(CNN) -- A French hostage and two pirates died Friday in a rescue operation off Somalia, the French president's office in Paris said Friday.
Four hostages, including a child, were freed from the hijacked yacht after almost a week of captivity.
Four hostages, including a child, were freed from the hijacked yacht after almost a week of captivity, Nicolas Sarkozy's office said.
The four adults and a child had been held aboard their yacht, the Tanit, since it was seized in the Gulf of Aden on Saturday, the president's statement said.
The military made its move after the pirates refused their offers, including one to swap an officer for the mother and child held aboard, and threatened to execute the hostages one-by-one -- and because the Tanit was drifting closer to the Somalian coast, the defense ministry said.
The possibility that the pirates could take their hostages ashore was a red line that prompted the mission. The same red line triggered two successful rescue missions by the French military last year, the ministry said.
According to French media reports, a special forces unit attacked the hijacked vessel from different directions in two motor-powered rubber boats. The pirates opened fire and the special forces team fired back.
Two of the five pirates were killed, along with Florent Lemacon, the owner of the Tanit, French media said. The military rescued Lemacon's wife and 3-year-old child along with two friends of the Lemacons.
The Lemacons and their friends left Brittany last summer in the Tanit on a round-the-world trip, according to a blog they were keeping about the trip. The blog's last post on March 20 -- when the Tanit was in the Gulf of Aden -- said the French military had twice contacted them in the previous few days to warn them of pirates.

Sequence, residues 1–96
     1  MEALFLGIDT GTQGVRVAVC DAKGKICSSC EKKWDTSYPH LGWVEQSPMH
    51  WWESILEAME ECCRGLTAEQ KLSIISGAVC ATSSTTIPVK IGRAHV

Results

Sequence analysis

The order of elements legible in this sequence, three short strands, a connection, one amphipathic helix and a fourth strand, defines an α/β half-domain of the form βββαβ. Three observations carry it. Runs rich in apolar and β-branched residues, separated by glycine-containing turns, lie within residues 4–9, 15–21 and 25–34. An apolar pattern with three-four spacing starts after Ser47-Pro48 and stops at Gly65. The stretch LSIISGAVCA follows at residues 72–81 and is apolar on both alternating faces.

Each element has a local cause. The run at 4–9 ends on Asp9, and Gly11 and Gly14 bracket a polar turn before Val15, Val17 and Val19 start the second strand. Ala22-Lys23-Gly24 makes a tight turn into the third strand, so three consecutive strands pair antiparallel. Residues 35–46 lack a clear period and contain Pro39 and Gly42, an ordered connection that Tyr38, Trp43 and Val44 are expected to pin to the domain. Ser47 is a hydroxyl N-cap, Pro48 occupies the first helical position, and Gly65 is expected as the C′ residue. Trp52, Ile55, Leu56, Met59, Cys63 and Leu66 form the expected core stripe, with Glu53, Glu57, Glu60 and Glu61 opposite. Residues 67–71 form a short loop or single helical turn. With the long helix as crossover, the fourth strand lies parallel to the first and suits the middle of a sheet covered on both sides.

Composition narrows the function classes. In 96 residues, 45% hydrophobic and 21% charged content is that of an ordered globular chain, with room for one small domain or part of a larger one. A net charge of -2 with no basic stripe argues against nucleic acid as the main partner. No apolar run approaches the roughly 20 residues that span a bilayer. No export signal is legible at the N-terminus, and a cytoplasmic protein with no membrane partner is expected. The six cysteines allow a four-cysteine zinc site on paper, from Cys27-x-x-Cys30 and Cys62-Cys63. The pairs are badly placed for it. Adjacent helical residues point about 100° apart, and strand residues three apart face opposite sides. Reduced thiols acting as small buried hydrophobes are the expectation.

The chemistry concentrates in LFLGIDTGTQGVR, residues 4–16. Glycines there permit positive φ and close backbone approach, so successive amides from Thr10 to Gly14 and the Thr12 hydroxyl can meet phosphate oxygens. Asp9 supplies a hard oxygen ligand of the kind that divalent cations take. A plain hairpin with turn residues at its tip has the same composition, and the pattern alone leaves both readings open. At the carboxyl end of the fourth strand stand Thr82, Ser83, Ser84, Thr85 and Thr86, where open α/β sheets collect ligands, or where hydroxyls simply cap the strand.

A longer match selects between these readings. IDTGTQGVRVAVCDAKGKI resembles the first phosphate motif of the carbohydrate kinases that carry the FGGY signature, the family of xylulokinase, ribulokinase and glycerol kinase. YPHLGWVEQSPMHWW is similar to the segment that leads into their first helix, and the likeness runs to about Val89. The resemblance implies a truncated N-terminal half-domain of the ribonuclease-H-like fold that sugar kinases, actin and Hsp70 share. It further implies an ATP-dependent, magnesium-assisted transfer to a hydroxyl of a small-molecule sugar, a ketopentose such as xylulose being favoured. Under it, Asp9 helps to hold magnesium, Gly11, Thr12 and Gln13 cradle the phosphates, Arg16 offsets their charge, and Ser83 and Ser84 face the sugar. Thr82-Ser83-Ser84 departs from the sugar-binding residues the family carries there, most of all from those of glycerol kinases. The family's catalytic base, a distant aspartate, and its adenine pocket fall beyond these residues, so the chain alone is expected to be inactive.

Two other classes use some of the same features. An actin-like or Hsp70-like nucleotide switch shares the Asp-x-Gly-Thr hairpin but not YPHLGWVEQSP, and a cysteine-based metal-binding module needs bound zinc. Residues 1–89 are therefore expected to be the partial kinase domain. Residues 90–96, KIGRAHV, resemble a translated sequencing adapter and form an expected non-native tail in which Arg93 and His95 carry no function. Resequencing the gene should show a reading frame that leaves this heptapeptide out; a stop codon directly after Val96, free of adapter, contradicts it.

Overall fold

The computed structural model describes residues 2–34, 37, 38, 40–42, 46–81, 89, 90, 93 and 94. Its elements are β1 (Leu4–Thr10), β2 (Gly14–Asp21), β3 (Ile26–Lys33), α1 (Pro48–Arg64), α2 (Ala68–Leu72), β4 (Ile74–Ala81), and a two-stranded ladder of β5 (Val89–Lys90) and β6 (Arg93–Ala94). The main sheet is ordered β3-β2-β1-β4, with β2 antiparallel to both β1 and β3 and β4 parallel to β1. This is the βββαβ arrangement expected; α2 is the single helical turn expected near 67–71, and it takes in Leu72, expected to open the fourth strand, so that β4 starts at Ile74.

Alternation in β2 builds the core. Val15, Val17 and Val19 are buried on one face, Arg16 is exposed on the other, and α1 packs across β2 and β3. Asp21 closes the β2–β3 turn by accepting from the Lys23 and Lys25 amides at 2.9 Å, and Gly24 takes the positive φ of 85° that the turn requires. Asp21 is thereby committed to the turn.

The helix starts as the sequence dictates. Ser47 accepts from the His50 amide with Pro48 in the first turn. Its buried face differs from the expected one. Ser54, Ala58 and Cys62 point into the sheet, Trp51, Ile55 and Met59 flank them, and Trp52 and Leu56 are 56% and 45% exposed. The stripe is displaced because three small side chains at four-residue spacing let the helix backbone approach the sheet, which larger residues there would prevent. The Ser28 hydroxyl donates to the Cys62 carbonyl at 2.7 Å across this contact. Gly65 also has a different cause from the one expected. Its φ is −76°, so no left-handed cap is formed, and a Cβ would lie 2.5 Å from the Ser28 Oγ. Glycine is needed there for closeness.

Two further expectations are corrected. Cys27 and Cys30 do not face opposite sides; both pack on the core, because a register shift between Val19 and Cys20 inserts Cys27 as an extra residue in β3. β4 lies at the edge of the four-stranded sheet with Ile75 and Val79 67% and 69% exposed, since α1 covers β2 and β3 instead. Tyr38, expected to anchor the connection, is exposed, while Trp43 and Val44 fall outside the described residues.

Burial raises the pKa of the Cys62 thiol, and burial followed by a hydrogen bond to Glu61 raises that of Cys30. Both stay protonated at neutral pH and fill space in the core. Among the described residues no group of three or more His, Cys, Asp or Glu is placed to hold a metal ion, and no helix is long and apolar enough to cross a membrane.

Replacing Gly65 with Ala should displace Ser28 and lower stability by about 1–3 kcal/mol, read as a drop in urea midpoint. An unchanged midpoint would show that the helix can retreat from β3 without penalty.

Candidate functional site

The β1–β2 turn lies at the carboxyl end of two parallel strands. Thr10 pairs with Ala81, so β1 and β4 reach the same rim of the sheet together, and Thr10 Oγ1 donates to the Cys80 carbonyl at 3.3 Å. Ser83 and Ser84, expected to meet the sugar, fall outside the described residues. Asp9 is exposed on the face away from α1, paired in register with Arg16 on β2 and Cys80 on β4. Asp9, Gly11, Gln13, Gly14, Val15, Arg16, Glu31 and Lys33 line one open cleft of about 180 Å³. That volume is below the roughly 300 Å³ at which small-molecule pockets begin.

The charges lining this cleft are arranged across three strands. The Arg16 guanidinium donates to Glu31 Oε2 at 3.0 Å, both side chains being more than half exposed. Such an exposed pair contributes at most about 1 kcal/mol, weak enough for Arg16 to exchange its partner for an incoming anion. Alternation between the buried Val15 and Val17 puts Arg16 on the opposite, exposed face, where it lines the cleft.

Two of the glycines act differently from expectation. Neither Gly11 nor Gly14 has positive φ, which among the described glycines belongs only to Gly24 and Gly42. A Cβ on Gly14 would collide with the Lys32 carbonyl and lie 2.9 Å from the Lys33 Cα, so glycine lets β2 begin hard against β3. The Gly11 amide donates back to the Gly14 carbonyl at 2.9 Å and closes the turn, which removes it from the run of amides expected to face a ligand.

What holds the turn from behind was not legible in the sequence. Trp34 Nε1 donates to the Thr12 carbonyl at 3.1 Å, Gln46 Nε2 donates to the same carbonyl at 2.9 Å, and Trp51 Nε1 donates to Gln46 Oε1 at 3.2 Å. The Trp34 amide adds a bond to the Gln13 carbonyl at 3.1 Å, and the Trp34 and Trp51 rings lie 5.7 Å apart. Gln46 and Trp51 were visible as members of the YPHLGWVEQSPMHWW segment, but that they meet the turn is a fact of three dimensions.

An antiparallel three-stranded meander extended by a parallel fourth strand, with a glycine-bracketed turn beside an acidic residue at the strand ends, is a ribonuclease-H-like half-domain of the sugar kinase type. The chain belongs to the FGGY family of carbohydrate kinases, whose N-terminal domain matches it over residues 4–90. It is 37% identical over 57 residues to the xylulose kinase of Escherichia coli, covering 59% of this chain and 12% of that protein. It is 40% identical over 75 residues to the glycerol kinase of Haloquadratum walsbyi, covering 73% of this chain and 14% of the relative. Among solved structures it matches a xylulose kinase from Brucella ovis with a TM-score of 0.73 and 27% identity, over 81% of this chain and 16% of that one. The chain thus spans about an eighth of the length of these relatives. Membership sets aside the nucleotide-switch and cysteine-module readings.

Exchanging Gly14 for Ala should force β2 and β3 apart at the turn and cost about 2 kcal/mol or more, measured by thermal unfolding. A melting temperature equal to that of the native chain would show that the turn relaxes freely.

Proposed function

The French military brought back 12 pirates to stand trial in the previous two rescue missions, the Defense Ministry said.
There has been a series of high-profile and increasingly sophisticated pirate attacks in recent months. View a map of Somali pirate activity »
Also off Somalia this week, the cargo vessel Maersk Alabama was boarded by pirates, who briefly took control of the ship.
Although the crew retook the ship, its captain, Richard Phillips, on Friday was still being held by the gang holed up in a lifeboat.
The Maersk was hijacked about 350 miles off Somalia's coast, a distance that used to be considered safe for ships navigating in the pirate-infested waters.
International navies have increased patrols in the area but the region is so large the pirates can still operate.
The U.S. military warned earlier this week that recent attacks have occurred hundreds of miles off the coast, suggesting that pirates are using "mother ships" -- a practice of using bigger boats with longer range to launch smaller pirate ships against targets further out to sea.
Last year, Somali pirates seized another French luxury yacht and the French military launched an operation that ended with them chasing the gang across the desert.